"Search warrant," the woman said to him. "For your house. "
The sandy guy ducked back out and slammed the door. The car went silent. Reacher heard footsteps through the fog. They grew faint. For a second the woman was backlit by the glare outside. Then she reached up and forward and clicked on the dome light. It was hot and yellow. She was sitting sideways, her back against the door, her knees toward him, resting her gun arm along the seatback. The arm was bent, with the elbow on the parcel shelf so the gun was canted comfortably forward, pointing at him. It was a SIG-Sauer, big and efficient and expensive.
"Keep your feet flat on the floor," she said.
He nodded. He knew what she wanted. He kept his back against his own door and shoved his feet underneath the front seat. It put an awkward sideways twist in his body that meant if he wanted to start moving he would be slow enough at it to get his head blown off before he got anywhere.
"Hands where I can see them," she said.
He straightened his arms and cupped his palms around the headrest on the seat in front of him and rested his chin on his shoulder. He was looking sideways at the SIG-Sauer's muzzle. It was rock-steady. Beyond it her finger was tight on the trigger. Beyond that was her face.
"OK, now sit still," she said.
Her face was impassive.
"You're not asking what this is about," she said.
It's not about what happened an hour and seventeen minutes ago, he said to himself. No way was this all organized in an hour and seventeen minutes. He kept quiet and absolutely still. He was worried about the whiteness in the woman's knuckle where it wrapped around the SIG-Sauer's trigger. Accidents can happen.
"You don't want to know what this is about?" she asked.
He looked at her, blankly. No handcuffs, he thought. Why not? The woman shrugged at him. OK have it your own way, she was saying. Her face settled to a stare. It was not a pretty face, but it was interesting. Some character there. She was about thirty-five, which is not old, but there were lines in her skin, like she spent time making animated expressions. Probably more frowns than smiles, he thought. Her hair was jet-black but thin. He could see her scalp. It was white. It gave her a tired, sickly look. But her eyes were bright. She glanced beyond him, out into the darkness through the car window, out to where her men were doing things in his house.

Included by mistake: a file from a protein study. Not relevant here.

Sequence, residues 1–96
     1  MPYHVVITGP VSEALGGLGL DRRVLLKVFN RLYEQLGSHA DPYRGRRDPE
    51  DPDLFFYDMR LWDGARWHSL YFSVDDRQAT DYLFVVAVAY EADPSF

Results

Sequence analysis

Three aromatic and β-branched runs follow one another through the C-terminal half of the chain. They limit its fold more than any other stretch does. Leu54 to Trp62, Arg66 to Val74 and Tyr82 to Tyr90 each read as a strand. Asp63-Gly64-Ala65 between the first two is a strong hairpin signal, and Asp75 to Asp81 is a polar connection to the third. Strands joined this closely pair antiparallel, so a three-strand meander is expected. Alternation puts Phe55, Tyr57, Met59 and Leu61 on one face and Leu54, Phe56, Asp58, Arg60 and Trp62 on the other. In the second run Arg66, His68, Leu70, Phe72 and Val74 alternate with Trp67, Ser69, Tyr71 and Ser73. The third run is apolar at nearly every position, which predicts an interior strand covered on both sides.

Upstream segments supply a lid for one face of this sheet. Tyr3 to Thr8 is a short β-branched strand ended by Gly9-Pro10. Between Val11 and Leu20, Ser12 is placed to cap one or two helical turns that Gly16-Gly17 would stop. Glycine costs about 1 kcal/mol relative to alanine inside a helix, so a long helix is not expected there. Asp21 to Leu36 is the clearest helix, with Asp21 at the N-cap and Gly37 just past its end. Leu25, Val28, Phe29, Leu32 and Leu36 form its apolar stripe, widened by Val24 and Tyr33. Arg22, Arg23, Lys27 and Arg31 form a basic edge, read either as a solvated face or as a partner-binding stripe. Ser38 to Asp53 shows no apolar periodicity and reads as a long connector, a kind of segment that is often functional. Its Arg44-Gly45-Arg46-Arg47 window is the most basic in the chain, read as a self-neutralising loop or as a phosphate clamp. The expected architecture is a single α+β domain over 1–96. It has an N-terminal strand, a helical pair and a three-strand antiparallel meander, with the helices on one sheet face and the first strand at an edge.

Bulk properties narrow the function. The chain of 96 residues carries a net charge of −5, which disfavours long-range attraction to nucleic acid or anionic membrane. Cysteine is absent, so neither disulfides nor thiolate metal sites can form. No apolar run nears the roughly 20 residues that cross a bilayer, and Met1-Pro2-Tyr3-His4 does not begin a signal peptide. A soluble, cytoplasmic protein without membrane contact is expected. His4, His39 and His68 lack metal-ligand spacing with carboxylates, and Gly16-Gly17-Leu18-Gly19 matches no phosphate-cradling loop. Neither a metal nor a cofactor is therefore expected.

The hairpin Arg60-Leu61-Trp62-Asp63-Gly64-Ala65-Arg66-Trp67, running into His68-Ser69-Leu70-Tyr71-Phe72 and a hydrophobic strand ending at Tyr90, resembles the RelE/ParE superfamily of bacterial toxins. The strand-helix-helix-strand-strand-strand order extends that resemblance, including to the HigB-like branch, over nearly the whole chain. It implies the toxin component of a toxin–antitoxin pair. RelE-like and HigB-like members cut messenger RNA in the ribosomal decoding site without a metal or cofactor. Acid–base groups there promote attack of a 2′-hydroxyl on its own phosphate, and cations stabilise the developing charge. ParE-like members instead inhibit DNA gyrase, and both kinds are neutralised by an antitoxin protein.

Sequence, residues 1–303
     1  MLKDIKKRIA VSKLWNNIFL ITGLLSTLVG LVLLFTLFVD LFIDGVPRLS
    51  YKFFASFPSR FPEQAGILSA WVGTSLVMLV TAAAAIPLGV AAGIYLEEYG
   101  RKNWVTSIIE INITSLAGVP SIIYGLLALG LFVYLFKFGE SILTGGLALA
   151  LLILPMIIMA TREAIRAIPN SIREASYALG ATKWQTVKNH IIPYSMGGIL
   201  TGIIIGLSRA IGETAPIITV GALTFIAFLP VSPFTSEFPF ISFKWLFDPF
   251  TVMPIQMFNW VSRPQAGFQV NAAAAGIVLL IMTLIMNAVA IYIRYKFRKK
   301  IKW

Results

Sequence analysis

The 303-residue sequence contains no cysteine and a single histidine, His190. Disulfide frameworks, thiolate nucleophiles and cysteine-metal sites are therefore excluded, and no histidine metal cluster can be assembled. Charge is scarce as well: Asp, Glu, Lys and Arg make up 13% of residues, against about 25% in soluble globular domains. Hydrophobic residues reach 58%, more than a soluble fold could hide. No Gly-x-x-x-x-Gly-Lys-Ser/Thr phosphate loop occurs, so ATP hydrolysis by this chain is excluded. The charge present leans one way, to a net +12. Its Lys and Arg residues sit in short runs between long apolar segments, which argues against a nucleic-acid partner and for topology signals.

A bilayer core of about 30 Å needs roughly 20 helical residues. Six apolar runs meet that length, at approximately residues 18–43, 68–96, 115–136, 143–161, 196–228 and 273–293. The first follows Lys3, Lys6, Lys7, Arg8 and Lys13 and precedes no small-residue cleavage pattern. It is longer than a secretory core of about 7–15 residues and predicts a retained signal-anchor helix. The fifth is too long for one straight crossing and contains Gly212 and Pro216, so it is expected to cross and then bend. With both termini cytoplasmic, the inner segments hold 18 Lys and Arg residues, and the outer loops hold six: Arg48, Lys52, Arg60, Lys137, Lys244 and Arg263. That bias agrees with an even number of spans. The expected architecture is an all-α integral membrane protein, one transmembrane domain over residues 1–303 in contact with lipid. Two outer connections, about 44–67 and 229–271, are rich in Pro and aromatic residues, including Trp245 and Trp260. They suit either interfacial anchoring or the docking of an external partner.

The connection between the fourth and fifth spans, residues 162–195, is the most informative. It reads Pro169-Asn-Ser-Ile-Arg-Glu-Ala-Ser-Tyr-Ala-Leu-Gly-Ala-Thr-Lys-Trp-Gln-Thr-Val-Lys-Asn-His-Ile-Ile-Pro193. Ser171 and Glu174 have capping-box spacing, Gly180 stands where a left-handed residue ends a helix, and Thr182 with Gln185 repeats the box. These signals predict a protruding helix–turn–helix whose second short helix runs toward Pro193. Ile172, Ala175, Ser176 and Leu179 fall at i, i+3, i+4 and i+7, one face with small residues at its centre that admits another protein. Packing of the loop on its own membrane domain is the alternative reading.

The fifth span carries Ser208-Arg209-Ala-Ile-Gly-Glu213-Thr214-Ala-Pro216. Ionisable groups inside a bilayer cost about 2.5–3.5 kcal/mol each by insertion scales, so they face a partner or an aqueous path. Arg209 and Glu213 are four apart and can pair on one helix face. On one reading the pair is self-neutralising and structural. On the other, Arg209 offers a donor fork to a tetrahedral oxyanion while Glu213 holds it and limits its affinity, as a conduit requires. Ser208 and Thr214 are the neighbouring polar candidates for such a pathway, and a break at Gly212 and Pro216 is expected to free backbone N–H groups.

She smiled. Her front teeth were crossed. The right one was canted sideways and it overlaid the left one by a fraction. An interesting mouth. It implied some kind of a decision. Her parents hadn't had the flaw corrected, and later neither had she. She must have had the opportunity. But she had decided to stick with nature. Probably the right choice. It made her face distinctive. Gave it character.
She was slim under her
bulky coat. There was a black jacket that matched the skirt, and a cream blouse loose over small breasts. The blouse looked like polyester that had been washed many times. It spiraled down into the waist-band of the skirt. She was twisted sideways and the skirt was halfway up her thighs. Her legs were thin and hard under black nylon. Her knees were pressed together, but there was a gap between her thighs.
"Would you stop doing that, please?" she said.
Her voice had gone cold, and the gun moved.
"Doing what?" Reacher asked.
"Looking at my legs. "
He switched his gaze up to her face. "Somebody points a gun at me, I'm entitled to check them out head to toe, wouldn't you say?"
"You like doing that?"
"Looking at women. "
He shrugged. "Better than I like looking at some things, I guess. "
The gun moved closer. "This isn't funny, asshole. I don't like the way you're looking at me. "
He stared at her.
"What way am I looking at you?" he asked.
"You know what way. "
He shook his head.
"No, I don't," he said.
"Like you're making advances," she said. "You're disgusting, you know that?"
He listened to the contempt in her voice and stared at her thin hair, her frown, her crooked tooth, her hard dried-up body in its ludicrous cheap businesswoman's uniform.
"You think I'm making advances to you?"
"Aren't you? Wouldn't you like to?"
He shook his head again.
"Not while there are dogs on the street," he said.
THEY SAT IN crackling hostile silence for the best part of twenty minutes. Then the sandy guy with the mustache came back to the car and slid into the front passenger seat. The driver's door opened and a second man got in. He had keys in his hand. He watched the mirror until the woman nodded and then fired up the motor and eased past Reacher's parked truck and headed out toward the road.
"Do I get to make a phone call?" Reacher asked. "Or doesn't the FBI believe in stuff like that?"
The sandy guy was staring straight ahead, at the windshield.
"At some point within the first twenty-four hours," he said. "We'll make sure you're not denied your constitutional rights. "
The woman kept the SIG-Sauer's muzzle close to Reacher's head all the way back to Manhattan, fifty-eight fast miles through the dark and the fog.